Thursday, March 6, 2014

Improved RadioImmunoTherapy for Follicular Lymphoma?

I need to get back to my blog. Shoulder sling or not, I've got to get on with my life. As I said, you know things are going great when you can distract yourself by writing about cancer....

I'll probably do a little less commentary than I'd like, but that will give me something to build up to.

This news is almost a couple of weeks old now, but it's exciting. Researchers at the University of Manchester in England are looking into RadioImmunoTherapy as a front-line treatment for Follicular Lymphoma. Zevalin has been approved as for use in FL after a first treatment has stopped working, and as a way to extend a successful first treatment. This study is showing that we can skip the Rituxan or CHOP and just get right to the RIT.

The study was published in the Journal of Clinical Oncology (I still haven't had a chance to read the full article). What makes this approach special is that the researchers gave the RIT in two smaller doses, rather than one big one. This seemed to have allowed it to better penetrate larger tumors (the patients in the study had bulky disease, or larger tumors), and also seemed to cut down on side effects.

And it worked well: 94.4% of the 72 patients had a response, and 69.4% had a Complete Response. Those are some dang good numbers.

Are they good enough? I hope so, but it will still be a struggle to get people to recognize just how great RIT is. Bexxar is gone, and one of the hurdles that Zevalin faces is the difficulty that comes with administering it. (It can't be done in an oncologist's office, but rather needs a team of nuclear medicine specialists to do it.) Hard enough to get it all done once; will it be even harder to accept if all that effort has to be made twice? At the very least, it won't make it any easier.

Sorry for the negative slant on this. I guess the positive look on it is that it gives us one more way of considering how to use RIT effectively.

I'll try to write something sunnier next time. Or not wait until the Percocet is almost worn off....


Anonymous said...

Hey Bob,

My first comment; too many similarities: Diagnosed with Follicular Lymphoma last August, did my Rituxan in November, now in remission. But back in 2000 I had shoulder surgery; I was 44. Yes, right rotator cuff, tendon shred to, well, shreds. You'll be fine as long as you do physical therapy with single-minded determination. I remember coming back from the hospital, drugs wearing out, and realizing I couldn't lift my arm more than a few inches. I had young kids and I was in a panic that I'd never be able to lift them up again. It took time and at least 2 months of intense, painful stretching with a therapist to come back to almost normal (my left shoulder can still stretch more, but functionally both shoulders are fine; can't complain). My right bicep had atrophied on top of everything else but I always liked lifting weights so my arms are back to a similar size.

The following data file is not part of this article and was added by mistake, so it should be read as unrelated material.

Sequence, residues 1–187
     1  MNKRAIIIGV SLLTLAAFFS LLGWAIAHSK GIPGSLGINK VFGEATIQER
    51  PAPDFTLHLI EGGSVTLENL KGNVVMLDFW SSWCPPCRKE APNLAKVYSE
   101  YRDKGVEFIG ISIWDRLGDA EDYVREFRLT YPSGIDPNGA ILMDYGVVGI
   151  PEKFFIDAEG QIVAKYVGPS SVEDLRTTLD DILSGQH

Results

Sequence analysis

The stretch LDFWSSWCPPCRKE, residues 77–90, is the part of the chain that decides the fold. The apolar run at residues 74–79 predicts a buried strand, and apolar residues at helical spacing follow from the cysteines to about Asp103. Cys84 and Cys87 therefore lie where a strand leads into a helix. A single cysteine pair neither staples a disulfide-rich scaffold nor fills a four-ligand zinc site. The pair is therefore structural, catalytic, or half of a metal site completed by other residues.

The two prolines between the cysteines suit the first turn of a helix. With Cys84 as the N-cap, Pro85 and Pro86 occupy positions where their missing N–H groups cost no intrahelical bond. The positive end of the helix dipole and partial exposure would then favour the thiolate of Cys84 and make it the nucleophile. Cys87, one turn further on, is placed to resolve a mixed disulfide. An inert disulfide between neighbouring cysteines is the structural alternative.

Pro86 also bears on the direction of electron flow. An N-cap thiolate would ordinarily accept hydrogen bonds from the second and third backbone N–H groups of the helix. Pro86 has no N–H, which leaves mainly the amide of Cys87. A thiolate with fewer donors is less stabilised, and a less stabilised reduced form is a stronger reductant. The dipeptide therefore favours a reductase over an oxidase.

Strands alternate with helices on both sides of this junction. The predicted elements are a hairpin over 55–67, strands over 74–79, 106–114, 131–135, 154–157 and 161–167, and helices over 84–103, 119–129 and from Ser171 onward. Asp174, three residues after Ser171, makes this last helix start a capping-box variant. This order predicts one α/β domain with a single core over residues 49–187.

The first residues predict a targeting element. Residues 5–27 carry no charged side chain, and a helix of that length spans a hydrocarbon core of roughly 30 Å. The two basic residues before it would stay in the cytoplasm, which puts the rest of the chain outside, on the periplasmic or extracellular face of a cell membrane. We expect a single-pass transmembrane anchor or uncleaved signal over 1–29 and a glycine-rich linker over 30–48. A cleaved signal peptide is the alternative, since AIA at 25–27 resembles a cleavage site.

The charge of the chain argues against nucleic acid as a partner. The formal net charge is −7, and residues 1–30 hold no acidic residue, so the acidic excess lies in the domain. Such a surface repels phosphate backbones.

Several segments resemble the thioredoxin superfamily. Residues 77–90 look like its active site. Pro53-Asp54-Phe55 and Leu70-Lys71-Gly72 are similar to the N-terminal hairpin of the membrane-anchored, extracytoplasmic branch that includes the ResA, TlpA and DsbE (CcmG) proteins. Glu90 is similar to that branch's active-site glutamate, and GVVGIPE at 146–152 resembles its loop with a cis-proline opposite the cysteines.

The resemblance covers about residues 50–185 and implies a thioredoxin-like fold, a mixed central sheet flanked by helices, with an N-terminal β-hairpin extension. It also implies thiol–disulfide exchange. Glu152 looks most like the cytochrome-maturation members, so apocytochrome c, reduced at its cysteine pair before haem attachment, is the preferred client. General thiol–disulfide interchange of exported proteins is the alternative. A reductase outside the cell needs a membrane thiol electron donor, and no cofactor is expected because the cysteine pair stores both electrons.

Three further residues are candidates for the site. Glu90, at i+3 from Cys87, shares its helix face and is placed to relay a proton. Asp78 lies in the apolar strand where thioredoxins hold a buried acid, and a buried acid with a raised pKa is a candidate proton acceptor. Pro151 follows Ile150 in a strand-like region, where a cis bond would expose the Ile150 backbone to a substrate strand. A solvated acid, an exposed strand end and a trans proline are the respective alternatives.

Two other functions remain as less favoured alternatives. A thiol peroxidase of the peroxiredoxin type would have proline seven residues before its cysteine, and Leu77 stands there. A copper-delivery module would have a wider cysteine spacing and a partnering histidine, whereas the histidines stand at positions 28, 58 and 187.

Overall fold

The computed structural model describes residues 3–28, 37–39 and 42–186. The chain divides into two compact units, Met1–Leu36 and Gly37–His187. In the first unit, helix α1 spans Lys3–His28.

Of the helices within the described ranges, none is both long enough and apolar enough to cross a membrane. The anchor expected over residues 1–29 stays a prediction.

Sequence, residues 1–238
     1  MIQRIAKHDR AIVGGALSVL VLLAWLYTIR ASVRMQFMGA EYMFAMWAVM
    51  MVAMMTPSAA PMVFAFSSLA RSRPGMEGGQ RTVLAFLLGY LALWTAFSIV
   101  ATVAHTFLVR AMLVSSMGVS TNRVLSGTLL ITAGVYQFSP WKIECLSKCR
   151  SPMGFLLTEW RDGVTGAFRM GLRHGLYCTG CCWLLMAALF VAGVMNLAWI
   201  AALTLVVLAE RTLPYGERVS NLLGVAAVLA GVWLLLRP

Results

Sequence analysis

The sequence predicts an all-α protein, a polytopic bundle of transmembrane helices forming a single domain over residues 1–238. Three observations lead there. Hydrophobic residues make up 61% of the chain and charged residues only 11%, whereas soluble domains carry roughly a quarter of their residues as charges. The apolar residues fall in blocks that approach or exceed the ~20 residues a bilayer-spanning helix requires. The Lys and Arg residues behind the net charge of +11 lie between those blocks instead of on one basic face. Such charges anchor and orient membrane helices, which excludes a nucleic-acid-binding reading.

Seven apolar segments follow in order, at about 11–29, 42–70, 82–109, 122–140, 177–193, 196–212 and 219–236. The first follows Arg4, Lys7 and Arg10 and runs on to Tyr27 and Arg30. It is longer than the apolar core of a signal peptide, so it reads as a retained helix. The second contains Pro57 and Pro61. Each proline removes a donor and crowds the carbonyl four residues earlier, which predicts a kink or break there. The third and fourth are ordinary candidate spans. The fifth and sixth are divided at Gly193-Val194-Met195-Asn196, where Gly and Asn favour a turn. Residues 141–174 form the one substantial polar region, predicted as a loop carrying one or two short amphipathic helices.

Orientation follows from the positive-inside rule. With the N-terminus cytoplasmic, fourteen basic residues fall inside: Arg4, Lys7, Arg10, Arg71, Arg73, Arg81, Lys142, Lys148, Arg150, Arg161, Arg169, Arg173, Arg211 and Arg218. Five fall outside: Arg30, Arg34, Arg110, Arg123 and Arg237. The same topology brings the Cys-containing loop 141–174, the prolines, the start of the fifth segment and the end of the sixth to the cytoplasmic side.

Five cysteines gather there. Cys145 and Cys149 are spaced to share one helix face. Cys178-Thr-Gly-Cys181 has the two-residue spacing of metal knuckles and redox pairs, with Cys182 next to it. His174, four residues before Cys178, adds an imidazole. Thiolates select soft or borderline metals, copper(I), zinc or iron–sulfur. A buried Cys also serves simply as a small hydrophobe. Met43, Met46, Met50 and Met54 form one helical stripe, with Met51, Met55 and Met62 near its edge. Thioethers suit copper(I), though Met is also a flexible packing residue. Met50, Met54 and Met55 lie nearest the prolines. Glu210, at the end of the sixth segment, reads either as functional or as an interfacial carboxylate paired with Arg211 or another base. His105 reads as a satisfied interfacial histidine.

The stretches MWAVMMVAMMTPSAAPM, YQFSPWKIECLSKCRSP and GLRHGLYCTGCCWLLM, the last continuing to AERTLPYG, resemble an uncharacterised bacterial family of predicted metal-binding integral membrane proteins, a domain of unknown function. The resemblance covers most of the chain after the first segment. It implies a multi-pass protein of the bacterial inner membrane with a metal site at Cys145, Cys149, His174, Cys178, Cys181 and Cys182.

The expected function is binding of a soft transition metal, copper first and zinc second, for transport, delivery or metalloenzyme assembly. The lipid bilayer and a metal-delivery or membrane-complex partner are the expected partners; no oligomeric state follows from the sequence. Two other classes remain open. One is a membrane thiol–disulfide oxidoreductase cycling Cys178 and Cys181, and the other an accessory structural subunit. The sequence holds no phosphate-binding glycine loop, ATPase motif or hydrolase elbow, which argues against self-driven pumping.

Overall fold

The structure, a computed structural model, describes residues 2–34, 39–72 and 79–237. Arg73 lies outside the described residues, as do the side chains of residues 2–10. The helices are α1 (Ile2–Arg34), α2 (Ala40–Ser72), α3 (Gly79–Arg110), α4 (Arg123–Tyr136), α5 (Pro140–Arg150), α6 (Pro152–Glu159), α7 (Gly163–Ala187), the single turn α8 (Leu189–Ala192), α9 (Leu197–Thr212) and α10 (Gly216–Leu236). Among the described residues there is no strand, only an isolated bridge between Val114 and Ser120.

I read your blog every day. Thank you.


Lymphomaniac said...

Wow, Aris -- pretty amazing similarities. I hope you hurt yours doing something cooler than slipping on ice. Maybe rescuing a litter of puppies or something? Anyway, I really appreciate the encouragement, and the advice to be good about PT. I hope your FL continues to stay in check.

Anonymous said...

It's been a few days since I checked my favorite blogs. An awful cold -- and as I'm certain others with cancer have discovered, a cold is no longer merely a cold; I suspect every little ache as being a symptom of something far more ominous.

In terms of my shoulder, I do wish I had a heroic tale. Alas, nothing traumatic happened. Just years of using a joint that never caught up with evolution: arms in evolutionary terms are modified legs best suited for 4-legged animals. According to my surgeon, the way we use our shoulders -- lifting above our heads, throwing stuff, etc. -- is forcing the rotator cuff through challenging and unnatural locomotion. A misplaced bone spur may eventually slice the tendon. I wish I had saved puppies instead!


Lymphomaniac said...

Aris, Glad you are getting over your cold. And I certainly understand that you'd be worried about it being something else. I still feel that way sometimes, even after 6+ years, though that anxiety gets less and less over time. All part of the Follicular Lymphoma game, I guess.
Evolution and overuse are to blame for the shoulder? Ugh. That's daunting. I'm going to just go with a story about puppies....